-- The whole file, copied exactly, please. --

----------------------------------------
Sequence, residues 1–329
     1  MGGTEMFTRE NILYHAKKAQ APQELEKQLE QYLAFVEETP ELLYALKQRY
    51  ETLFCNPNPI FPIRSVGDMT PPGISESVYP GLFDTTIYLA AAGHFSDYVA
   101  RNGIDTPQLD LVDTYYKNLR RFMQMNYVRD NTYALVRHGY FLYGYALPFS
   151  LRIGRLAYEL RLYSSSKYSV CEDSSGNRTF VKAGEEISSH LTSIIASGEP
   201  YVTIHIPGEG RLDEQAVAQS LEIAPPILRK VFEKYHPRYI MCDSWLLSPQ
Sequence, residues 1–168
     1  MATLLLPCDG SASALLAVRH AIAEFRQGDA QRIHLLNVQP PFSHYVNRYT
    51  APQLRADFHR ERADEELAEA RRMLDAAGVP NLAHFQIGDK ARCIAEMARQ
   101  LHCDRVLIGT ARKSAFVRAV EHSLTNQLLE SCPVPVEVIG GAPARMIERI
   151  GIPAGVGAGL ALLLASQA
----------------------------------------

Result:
Sequence, residues 1–329
     1  MGGTEMFTRE NILYHAKKAQ APQELEKQLE QYLAFVEETP ELLYALKQRY
    51  ETLFCNPNPI FPIRSVGDMT PPGISESVYP GLFDTTIYLA AAGHFSDYVA
   101  RNGIDTPQLD LVDTYYKNLR RFMQMNYVRD NTYALVRHGY FLYGYALPFS
   151  LRIGRLAYEL RLYSSSKYSV CEDSSGNRTF VKAGEEISSH LTSIIASGEP
   201  YVTIHIPGEG RLDEQAVAQS LEIAPPILRK VFEKYHPRYI MCDSWLLSPQ
Sequence, residues 1–168
     1  MATLLLPCDG SASALLAVRH AIAEFRQGDA QRIHLLNVQP PFSHYVNRYT
    51  APQLRADFHR ERADEELAEA RRMLDAAGVP NLAHFQIGDK ARCIAEMARQ
   101  LHCDRVLIGT ARKSAFVRAV EHSLTNQLLE SCPVPVEVIG GAPARMIERI
   151  GIPAGVGAGL ALLLASQA